21 November 2019

Newly elected Government told to back fleets with long-term plug-in grants and tax changes


  • There is a political consensus about the need to transition to a net-zero emission economy.
  • The manifesto calls for an extension of the Future Mobility Zone funding for 2020-21.
  • The BVRLA state there's no hard evidence that the grants are in danger currently, however understands there is a lack of certainty over future grants.
  • Any changes in the grant must be gradual and give those involved time to act.

A manifesto for the newly elected Government to support the fleet sector has been published with long-term backing for plug-in vehicle grants and adjustment of carbon dioxide (CO2) emission-related taxes among the key issues to create a more stable environment to encourage investment in 'greener' company cars.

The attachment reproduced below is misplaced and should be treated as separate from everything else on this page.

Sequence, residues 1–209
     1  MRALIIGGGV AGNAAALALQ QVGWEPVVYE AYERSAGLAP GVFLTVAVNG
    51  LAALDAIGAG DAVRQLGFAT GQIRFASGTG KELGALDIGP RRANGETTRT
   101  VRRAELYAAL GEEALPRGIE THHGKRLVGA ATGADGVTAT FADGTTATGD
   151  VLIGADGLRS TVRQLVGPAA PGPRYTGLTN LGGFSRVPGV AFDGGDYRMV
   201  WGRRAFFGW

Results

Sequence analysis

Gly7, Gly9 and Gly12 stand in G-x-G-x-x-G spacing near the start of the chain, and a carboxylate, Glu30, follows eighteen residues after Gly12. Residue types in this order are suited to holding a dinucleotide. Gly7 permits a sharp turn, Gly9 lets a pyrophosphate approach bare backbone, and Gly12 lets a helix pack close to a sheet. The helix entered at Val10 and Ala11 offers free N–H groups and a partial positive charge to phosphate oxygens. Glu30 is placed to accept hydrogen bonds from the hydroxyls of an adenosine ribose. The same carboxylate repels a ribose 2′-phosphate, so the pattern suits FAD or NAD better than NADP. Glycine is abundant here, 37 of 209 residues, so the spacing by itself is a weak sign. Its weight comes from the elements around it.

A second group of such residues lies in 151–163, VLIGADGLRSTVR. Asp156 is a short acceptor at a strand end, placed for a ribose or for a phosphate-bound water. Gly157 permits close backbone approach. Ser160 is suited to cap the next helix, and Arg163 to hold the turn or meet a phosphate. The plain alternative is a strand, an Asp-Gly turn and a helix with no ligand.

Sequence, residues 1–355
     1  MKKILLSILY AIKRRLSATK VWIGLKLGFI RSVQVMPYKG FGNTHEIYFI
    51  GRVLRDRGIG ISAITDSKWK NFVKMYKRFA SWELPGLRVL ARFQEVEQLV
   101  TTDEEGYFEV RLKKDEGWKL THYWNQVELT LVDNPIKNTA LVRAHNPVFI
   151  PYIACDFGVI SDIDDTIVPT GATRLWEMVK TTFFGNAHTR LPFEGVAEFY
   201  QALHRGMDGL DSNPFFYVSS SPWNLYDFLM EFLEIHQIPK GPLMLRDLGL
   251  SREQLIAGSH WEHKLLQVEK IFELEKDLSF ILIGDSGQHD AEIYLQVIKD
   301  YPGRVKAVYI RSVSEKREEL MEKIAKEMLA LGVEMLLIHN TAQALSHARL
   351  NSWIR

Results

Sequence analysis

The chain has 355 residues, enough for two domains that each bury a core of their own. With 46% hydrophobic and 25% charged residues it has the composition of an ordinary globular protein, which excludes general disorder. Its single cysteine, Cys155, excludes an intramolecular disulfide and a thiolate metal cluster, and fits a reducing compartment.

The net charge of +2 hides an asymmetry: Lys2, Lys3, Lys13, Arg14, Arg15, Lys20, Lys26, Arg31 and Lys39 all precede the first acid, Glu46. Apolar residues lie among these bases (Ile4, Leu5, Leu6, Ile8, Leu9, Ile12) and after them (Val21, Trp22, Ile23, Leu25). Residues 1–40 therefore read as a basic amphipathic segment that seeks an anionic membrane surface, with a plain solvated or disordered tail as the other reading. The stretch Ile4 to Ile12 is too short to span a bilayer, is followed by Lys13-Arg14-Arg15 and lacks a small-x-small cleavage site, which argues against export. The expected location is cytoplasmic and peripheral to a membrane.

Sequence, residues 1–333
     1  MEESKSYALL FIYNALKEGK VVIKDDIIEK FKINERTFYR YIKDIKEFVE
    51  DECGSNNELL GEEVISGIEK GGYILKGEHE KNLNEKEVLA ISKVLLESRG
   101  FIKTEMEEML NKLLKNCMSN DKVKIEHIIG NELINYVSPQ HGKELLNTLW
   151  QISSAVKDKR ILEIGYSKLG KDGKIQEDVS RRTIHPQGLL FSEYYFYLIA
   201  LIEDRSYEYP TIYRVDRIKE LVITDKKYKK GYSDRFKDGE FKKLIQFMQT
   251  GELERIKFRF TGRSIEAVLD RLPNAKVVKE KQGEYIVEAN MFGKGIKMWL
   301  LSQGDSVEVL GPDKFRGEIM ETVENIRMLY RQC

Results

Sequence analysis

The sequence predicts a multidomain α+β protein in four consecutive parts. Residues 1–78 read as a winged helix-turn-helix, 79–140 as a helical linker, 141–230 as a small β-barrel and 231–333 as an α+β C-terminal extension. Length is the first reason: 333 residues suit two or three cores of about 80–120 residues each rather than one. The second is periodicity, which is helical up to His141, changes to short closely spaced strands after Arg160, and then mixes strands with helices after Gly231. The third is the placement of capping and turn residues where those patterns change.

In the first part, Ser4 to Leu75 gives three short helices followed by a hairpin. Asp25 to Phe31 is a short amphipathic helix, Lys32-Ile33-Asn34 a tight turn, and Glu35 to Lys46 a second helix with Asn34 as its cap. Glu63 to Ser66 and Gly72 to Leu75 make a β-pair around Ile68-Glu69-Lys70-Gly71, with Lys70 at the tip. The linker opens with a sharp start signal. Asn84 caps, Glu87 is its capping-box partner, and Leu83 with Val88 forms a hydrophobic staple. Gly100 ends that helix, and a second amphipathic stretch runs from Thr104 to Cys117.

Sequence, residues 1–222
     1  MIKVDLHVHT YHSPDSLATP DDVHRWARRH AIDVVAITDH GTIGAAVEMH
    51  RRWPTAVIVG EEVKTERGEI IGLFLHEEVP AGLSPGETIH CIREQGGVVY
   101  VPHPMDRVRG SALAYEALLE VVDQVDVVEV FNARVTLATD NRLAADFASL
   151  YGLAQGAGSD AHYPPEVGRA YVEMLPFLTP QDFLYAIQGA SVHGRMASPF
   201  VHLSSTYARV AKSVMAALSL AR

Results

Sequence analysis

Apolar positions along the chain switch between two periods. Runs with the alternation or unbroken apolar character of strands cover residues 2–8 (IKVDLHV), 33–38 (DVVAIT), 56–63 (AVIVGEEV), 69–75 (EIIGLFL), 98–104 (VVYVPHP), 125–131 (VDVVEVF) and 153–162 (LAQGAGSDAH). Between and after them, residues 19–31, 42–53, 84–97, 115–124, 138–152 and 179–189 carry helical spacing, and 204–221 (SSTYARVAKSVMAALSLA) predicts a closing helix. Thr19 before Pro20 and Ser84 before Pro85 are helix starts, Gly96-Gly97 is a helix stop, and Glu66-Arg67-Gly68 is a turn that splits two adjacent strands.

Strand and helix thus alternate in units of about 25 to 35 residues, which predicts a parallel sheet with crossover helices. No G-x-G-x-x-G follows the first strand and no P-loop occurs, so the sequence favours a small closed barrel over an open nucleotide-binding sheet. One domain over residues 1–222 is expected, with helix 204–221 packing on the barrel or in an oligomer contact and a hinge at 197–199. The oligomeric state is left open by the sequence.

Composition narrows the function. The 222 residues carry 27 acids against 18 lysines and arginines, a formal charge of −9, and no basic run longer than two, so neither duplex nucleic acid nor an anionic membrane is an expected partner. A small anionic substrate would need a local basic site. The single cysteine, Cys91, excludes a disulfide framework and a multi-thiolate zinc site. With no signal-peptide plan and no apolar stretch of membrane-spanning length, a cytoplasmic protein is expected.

The manifesto, which will be delivered to the in-tray of the new Government following the December 12 election has been compiled by the British Vehicle Rental and Leasing Association (BVRLA), of which Activa Contracts is a member.

Meanwhile, IAM RoadSmart, has published a seven-point manifesto to ensure road safety and saving lives returns to the top of the new Government's political agenda. Among the key issues covered, it says: "Road safety at work is a critical health and safety issue that requires much higher priority at the Health and Safety Executive. It should be at the core of good corporate governance and procurement practice in the private and public sector."

The BVRLA's agenda 'Manifesto 2019: Delivering Sustainable Road Transport' focuses on three main areas: Accelerating the road to zero emissions, driving transport behaviour change, and tackling air quality and emissions today.